I want to make a deeply cynical point here and mock the notion that there is some magic number of (presumably innocent) civilian deaths that leaves me undisturbed in the comfort of my Barcalounger sipping espresso from a demitasse – “Oh, would you look at this recent report dear, it says the current estimate of the number of innocents killed in [insert latest war du jour here] is more like eleven hundred, not eleven thousand. Phew, I don’t know about you honey, but I feel like that’s a number I can comfortably live with.” The other thing worth mocking here is the implication that any ordinary citizen’s discomfort with civilian deaths greater than the “comfortable” number, matters one wit to either the practitioners of the latest war du jour, or the committee for international standards that sets the amount of murder permissible in war. I mean really, did the apparent discomfort of a majority of Americans over the rising civilian deaths in southeast Asia matter one wit to the congress, the state department, or the POTUS, to limit civilian death to a number the American People would be comfortable with? No. To the contrary. Nixon flipped his finger at the Peaceniks and doubled down with the order to carpet bomb Cambodia, without first checking in with the standards committee on what number of civilian deaths was permissible at the time. Do you think Putin and his sycophants care one wit about the discomfort of Russian citizens over civilian deaths in Ukraine, or that the number far exceeds what the standards committee has authorized is permissible? Did the standards committee permit 300,000 civilian deaths in the fire bombing of Tokyo? I doubt it. And it seems to me there is a growing discomfort with the number of civilians killed in Gaza?

Try not to let it ruin your Christmas.

Chester, aka Black Dog

Hello darkness, my old friend
I’ve come to talk with you again
Because a vision softly creeping
Left its seeds while I was sleeping
And the vision that was planted in my brain
Still remains
Within the sound of silence

        – Sound of Silence
          Simon & Garfunkel

The silence around here is the hardest thing. Morning noon and night for the past eight years he was with us. Then poof, he’s gone. We lie and say we’ll never put ourselves through this again, though of course we will, because we have in the past. We’re predictable that way. We don’t want to learn to live without the companionship of a dog, especially one as sweet as Chester, who maybe more than any of our other pups pegged the sweetness meter.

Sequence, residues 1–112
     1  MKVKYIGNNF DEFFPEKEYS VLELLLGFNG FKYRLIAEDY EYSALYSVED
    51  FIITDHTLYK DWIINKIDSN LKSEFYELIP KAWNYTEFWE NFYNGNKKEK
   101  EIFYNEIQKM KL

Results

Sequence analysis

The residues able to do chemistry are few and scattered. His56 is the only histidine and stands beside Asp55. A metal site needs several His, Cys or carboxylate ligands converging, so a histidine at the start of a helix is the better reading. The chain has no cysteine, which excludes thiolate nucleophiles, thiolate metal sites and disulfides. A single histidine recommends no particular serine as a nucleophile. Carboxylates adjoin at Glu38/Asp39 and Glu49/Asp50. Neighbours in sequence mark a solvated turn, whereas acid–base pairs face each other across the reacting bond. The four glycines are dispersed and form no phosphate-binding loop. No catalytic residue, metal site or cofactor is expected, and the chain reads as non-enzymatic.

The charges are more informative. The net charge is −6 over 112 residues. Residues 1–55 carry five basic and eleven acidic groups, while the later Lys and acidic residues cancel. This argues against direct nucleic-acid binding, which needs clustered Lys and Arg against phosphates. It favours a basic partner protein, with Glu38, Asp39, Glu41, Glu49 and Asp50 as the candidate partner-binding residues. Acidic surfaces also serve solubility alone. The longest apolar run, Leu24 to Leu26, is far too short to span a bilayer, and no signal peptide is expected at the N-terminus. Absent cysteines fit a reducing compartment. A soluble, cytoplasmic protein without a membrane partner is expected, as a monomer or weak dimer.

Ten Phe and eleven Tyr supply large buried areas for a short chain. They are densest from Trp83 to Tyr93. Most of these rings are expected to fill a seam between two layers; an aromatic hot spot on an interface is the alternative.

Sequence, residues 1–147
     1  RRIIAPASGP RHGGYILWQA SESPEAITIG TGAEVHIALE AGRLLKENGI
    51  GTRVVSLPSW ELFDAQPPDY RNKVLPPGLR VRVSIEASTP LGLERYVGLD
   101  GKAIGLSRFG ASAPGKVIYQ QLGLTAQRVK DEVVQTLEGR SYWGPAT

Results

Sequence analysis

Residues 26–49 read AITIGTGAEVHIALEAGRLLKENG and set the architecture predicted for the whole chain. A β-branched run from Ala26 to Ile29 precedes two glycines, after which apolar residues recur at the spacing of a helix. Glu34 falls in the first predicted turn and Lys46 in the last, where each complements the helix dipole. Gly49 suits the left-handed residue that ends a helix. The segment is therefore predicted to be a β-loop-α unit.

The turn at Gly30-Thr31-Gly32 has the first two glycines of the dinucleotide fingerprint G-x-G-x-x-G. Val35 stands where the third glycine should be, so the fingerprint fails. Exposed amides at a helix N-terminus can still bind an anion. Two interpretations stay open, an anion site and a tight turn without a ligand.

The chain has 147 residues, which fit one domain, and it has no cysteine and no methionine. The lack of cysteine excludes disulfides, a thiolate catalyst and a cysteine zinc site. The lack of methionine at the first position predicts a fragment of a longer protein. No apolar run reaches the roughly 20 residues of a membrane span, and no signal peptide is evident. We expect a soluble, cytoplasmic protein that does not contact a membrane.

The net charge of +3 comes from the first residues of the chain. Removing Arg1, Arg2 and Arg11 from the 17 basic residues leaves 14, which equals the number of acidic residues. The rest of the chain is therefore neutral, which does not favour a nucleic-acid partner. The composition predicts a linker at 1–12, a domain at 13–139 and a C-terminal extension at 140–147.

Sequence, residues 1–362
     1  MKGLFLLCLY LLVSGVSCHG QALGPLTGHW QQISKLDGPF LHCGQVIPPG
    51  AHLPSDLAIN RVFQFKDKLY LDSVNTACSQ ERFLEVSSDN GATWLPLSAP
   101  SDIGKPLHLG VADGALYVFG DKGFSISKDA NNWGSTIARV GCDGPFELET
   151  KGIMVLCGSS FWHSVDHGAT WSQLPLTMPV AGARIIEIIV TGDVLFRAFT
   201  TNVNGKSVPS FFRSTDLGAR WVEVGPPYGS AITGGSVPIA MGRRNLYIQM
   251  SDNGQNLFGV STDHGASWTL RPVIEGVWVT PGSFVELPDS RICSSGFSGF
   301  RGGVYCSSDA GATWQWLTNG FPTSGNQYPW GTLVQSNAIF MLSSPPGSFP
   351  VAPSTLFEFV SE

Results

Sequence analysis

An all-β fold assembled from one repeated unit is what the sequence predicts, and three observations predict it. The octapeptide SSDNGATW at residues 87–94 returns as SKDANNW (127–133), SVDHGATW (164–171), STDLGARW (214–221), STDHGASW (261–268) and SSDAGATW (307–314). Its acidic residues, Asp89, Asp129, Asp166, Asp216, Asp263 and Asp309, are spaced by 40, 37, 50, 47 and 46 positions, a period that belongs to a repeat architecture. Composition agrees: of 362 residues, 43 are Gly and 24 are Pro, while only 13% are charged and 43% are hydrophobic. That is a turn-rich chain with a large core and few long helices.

October 2015. One trip to the shelter in Palmer, AK is all it took. He was a year old then, surrendered to the shelter by his prior companions who left a note with the reasons why, “Chester is overly rambunctious with small children and he charges guests at the front door.” Oh my! 😮 OK, so we don’t have children, and so far as charging the front door goes, well, caveat house guests I guess!
HW & I performed a few basic temperament tests in the off leash area outside the shelter, agreed he was a fine beast, completed the adoption paperwork and in that moment he became a member of the Nibbe tribe. He seemed grateful to be leaving the shelter and headed home with us to Anchorage. We learned a few months later when we had cause to have Chester X-rayed that he’d been shot! A small BB-sized object was evident on the image. The vet told us it’s not uncommon to have pieces of buckshot, or whatever the hell it was, meander around inside an animal its entire life. Most of the time, she said, it’s not a cause for concern.

It became a badge of honor for Chester. Often times he’d try to extract sympathy from our friends, “Did you know I’ve been shot?!” Structurally, he was a long dog, a hybrid mix of Labrador, Husky and, our vet suspected, maybe a little Basset Hound too, given his front feet, especially the right one, turned outward. He had a gorgeous coat and a lot of it. I used to joke while clutching a handful of fur at his nape that you could fit two dogs inside here! I feel horrible now that I ever called him “mutant,” which I did. Not once in eight years did we give him a bath, his coat performed that well. He didn’t stink. Which never ceased to amaze me. HW recalls one time when he got a coat “blowout” the groomer gave him a bath, but that was it. The adoption clause specified a certain amount of time to return an animal to avoid buyer’s remorse. His first night with us I was in the kitchen to fetch something, and when I returned to the living room I saw him up on the couch with HW, his head resting comfortably on her lap. As if he knew he was in a probationary period, he looked at me with those plaintive eyes, “Am I a keeper?”

From that point on he was family. Hardly a day passed in the ensuing eight years without either myself or HW, usually both of us, getting outside for a long walk or hike with Chester. In all the ways a good dog can enrich our lives, getting us out of the house and moving has to be at the top of the list. He wasn’t a particularly high energy dog, though like all our dogs he was always eager to go, no matter where it was. In the low mountains around Anchorage he could soar up and down mountainsides chasing ground squirrels with the best of ’em. Which is another thing that amazed me about him. He didn’t have the body form or the apparent strength and agility well suited for high-performance running up and down big hills. But I guess Chester didn’t get the memo